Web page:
Since much of the flow abstracted from the River Indus for irrigation originates in the Himalayas, Karakoram and Hindu Kush Mountains, an understanding of hydrological regimes of mountain rivers is essential for water resources management in Pakistan. Broad characteristics of hydrological regimes are investigated using streamflow data from nineteen long-period stations in terms of annual and seasonal runoff. Regression between climatic variables and streamflow for three key basins, the River Hunza, River Astore and Khan Khwar have first been carried out followed by regional analysis of twelve further basins. Analysis shows distinct hydrological regimes with summer volume governed by: melt of glaciers and permanent snow (thermal control in the current summer), melt of seasonal snow (control by preceding winter and spring precipitation), or winter and monsoon rainfall (precipitation control in current season). Satisfactory levels of correlation were achieved between streamflow and measurements of temperature and precipitation at valley sites, which offer promise as a basis for assessing seasonal flow volumes. They also suggest the possibility of extending the flow record back on the basis of historical climatic records, which commence early in the twentieth century.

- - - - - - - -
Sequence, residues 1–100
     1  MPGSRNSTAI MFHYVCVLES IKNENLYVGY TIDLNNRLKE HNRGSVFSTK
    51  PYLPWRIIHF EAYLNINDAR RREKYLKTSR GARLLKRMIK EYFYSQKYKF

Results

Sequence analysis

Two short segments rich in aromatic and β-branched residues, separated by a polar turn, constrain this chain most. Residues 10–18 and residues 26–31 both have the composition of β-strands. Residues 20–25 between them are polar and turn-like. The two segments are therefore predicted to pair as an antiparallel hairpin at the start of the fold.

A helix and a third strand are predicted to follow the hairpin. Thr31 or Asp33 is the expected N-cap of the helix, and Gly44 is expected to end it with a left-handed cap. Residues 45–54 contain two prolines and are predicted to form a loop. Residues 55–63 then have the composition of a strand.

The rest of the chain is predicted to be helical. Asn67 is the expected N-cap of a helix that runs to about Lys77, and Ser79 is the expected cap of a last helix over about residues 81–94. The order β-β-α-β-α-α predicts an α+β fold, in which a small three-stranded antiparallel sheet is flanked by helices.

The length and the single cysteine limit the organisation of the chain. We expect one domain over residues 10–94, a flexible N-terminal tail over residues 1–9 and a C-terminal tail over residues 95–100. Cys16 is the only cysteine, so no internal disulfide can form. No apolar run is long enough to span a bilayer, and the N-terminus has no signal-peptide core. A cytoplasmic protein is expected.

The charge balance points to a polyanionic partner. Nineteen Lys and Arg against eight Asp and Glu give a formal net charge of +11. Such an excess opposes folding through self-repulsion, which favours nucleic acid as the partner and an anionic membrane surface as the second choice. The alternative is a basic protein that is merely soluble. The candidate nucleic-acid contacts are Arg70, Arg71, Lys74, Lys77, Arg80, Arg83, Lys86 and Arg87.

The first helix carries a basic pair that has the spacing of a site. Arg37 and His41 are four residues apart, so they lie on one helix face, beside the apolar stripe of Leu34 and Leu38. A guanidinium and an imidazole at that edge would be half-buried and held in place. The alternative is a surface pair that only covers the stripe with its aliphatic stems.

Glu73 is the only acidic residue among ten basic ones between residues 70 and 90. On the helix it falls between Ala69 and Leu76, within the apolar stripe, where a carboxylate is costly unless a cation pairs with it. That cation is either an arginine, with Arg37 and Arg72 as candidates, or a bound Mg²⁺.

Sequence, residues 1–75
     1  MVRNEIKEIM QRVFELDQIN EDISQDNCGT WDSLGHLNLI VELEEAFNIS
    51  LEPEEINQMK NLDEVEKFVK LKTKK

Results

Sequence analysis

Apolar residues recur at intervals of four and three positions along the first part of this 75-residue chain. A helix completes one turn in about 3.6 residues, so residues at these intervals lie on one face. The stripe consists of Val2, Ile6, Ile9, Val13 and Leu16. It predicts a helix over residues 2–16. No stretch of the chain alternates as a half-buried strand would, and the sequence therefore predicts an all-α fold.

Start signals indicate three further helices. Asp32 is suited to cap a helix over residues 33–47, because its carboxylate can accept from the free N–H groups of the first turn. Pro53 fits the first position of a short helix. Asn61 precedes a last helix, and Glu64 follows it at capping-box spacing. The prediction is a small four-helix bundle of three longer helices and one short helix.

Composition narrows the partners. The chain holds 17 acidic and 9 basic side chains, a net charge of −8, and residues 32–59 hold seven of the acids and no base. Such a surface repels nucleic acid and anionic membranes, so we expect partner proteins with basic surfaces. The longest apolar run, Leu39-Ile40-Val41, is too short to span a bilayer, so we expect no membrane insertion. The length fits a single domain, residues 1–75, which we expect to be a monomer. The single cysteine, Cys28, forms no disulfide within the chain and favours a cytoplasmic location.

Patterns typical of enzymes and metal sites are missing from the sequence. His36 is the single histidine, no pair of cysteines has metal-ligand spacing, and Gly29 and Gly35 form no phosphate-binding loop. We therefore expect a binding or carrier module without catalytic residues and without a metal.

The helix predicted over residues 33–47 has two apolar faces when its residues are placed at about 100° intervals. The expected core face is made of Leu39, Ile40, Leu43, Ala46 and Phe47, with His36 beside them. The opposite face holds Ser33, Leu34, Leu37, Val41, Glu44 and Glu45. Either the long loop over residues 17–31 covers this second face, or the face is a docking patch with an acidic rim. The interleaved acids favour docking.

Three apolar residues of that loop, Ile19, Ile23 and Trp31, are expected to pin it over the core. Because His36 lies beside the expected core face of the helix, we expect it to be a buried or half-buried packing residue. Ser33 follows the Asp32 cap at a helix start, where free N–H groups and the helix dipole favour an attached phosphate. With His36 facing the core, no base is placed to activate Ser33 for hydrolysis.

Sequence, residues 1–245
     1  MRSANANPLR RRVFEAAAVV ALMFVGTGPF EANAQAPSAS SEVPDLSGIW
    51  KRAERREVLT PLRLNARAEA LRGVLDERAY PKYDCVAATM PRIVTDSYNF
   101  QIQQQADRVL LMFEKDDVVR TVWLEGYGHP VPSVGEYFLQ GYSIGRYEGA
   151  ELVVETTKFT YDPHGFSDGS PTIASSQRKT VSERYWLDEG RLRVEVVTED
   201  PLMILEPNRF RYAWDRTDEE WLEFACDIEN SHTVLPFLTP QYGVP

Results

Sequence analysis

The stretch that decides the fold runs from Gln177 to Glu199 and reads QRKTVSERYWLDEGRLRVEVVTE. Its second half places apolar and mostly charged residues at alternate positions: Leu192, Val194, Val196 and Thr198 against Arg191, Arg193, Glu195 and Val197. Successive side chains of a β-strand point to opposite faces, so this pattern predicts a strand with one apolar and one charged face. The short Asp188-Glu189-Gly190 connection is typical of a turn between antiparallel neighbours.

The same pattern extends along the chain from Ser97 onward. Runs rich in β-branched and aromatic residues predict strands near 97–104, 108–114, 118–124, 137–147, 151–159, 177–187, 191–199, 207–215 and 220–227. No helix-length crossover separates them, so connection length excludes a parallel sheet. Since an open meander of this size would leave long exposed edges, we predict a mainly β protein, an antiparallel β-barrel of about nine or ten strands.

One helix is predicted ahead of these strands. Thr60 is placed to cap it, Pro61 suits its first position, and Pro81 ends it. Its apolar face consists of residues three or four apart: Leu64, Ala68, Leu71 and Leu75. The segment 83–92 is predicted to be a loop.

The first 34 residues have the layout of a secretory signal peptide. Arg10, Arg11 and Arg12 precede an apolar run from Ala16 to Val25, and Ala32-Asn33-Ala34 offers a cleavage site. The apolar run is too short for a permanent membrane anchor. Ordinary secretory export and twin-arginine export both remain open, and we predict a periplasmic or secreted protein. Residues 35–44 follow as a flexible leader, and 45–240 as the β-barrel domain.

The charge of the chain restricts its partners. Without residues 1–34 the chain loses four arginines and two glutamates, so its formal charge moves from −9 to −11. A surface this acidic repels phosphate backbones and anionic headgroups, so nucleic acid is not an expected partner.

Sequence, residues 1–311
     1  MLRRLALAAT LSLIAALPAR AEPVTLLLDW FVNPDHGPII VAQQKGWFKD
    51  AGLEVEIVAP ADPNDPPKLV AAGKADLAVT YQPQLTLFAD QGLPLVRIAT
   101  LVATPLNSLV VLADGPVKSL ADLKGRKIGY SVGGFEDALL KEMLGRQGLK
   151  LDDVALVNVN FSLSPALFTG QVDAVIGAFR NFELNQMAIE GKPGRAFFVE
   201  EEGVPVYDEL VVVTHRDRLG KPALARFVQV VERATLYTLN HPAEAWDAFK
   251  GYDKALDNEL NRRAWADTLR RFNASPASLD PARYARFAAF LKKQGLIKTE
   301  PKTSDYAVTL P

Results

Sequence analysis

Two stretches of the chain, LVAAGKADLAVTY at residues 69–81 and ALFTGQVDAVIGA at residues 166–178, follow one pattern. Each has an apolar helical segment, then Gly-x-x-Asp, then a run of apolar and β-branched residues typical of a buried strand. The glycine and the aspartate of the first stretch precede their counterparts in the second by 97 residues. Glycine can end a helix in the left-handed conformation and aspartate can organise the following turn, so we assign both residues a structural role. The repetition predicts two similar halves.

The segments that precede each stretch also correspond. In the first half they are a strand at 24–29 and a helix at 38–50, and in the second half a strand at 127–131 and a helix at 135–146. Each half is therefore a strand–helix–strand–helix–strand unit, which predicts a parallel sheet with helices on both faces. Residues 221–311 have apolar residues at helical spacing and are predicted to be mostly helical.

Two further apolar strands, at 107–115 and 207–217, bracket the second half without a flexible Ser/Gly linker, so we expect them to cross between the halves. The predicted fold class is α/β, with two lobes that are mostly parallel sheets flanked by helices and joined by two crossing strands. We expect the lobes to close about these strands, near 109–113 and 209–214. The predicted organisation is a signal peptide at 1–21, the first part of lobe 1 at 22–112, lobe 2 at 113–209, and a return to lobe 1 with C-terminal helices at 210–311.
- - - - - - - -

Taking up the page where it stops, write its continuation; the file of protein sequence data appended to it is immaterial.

snowmelt , Hydrological regimes , Upper Indus Basin , Glacier melt